Microscopic laboratory

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At our deparment, we use light microscopy techniques including both classic light microscopy applying the Nomarski DIC contrast and also fluorescence microscopy in order to make taxonomic sample analyses and to determine bacterial cells and virus particles total counts in water and sediments. For microscopic analyses, a BX-60 microscope (0lympus Corp.) together with a set of fluorescence mirror units is employed to watch objects showing chlorophyll-a autofluorescence or objects stained e.g. with DAPI (4′,6-diamidino-2-phenylindole), SYBR Gold, SYBR Green I (Molecular Probes Inc.), CTC (5-cyano-2,3-di-(p-tolyl)tetrazolium chloride). Staining with specific fluorochromes allows to quantify bacterial cells or virus particles in natural samples due to fluorochrome affinity to nucleic acids (DAPI, SYBR Gold, SYBR Green I staining; Noble and Fuhrman 1998, Porter and Feig 1980, Wen et al. 2004) or to quantify active fraction of bacteria based on a CTC reduction to fluorescent formazan (Rodriguez et al. 1992). To study microbial communities in water and sediments applying microscopy or flow cytometry, another substrates are used such as FDA (fluorescein diacetate) and propidium iodide which allow to determine the enzymatic activity and viability of microorganisms, respectively. The microscope is also equipped with 12.5 million-pixel digital color camera DP 70 (0lympus Corp.) connected to a computer with Cell D image analysis software (0lympus Corp.) allowing the digital image processing. Macroscopic objects (like small crustaceans) can be observed by means of stereo microscope Olympus SZX7 with digital camera Infinity and software QuickPHOTO Camera.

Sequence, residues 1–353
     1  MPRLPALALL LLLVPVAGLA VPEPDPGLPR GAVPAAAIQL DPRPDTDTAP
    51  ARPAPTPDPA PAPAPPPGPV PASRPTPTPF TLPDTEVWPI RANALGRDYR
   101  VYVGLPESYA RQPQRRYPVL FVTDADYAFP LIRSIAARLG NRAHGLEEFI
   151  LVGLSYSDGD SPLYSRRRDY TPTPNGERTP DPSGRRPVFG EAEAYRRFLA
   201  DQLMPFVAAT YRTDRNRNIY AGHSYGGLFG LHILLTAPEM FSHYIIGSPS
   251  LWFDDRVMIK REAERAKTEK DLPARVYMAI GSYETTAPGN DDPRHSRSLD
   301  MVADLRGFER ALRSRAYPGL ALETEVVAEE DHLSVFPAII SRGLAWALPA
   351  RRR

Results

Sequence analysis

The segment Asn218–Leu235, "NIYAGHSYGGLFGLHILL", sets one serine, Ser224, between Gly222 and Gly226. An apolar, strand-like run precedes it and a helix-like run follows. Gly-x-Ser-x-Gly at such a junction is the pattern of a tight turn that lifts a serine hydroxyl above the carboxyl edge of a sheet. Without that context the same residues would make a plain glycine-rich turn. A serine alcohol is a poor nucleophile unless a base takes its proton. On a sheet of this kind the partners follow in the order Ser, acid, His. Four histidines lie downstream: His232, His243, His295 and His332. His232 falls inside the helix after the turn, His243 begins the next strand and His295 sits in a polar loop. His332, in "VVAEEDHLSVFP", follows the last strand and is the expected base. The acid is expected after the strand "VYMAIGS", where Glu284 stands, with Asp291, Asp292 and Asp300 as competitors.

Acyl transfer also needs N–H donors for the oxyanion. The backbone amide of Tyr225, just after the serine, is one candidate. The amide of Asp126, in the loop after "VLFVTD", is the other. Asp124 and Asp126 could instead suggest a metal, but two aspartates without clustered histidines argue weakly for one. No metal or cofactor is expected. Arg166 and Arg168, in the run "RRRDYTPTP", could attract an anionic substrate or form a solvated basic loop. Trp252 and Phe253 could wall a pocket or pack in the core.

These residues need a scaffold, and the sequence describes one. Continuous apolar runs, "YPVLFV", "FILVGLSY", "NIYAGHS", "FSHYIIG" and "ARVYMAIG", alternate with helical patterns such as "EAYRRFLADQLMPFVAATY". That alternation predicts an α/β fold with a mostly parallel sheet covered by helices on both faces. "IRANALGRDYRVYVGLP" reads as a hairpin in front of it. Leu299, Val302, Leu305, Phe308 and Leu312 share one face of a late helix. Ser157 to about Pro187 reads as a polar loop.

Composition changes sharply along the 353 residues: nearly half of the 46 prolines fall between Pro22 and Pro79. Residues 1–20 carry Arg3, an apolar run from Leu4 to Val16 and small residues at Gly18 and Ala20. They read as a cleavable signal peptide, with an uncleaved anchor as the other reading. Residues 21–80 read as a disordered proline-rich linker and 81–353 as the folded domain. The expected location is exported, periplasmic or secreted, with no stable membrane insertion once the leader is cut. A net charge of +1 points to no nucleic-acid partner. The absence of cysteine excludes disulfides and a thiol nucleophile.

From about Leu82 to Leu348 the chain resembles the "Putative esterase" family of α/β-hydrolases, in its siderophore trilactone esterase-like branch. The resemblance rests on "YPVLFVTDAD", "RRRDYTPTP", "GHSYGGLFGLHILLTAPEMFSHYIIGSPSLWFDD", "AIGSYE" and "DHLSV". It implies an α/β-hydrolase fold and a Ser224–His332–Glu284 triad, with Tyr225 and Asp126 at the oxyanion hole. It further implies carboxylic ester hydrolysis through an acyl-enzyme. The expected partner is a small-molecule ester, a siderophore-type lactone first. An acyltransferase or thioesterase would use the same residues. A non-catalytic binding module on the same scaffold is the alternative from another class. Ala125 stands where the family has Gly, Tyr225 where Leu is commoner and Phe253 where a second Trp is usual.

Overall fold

References:

Noble, R.T., Fuhrman, J.A. (1998): Use of SYBR Green I for rapid epifluorescence counts of marine viruses and bacteria. Aquatic Microbial Ecology 14: 113-118.
Porter, K.G., Feig, Y.S. (1980): The use of DAPI for identifying and counting aquatic microflora. Limnology and Oceanography 25: 943-948.
Rodriguez, G.G., Phipps, D., Ishiguro, K., Ridgway, H.F. (1992): Use of a fluorescent redox probe for direct visualization of actively respiring bacteria. Applied and Environmental Microbiology 58: 1801-1808.
Wen, K., Ortmann, A.C., Suttle, C.A. (2004): Accurate estimation of viral abundance by epifluorescence microscopy. Applied and Environmental Microbiology 70: 3862-3867.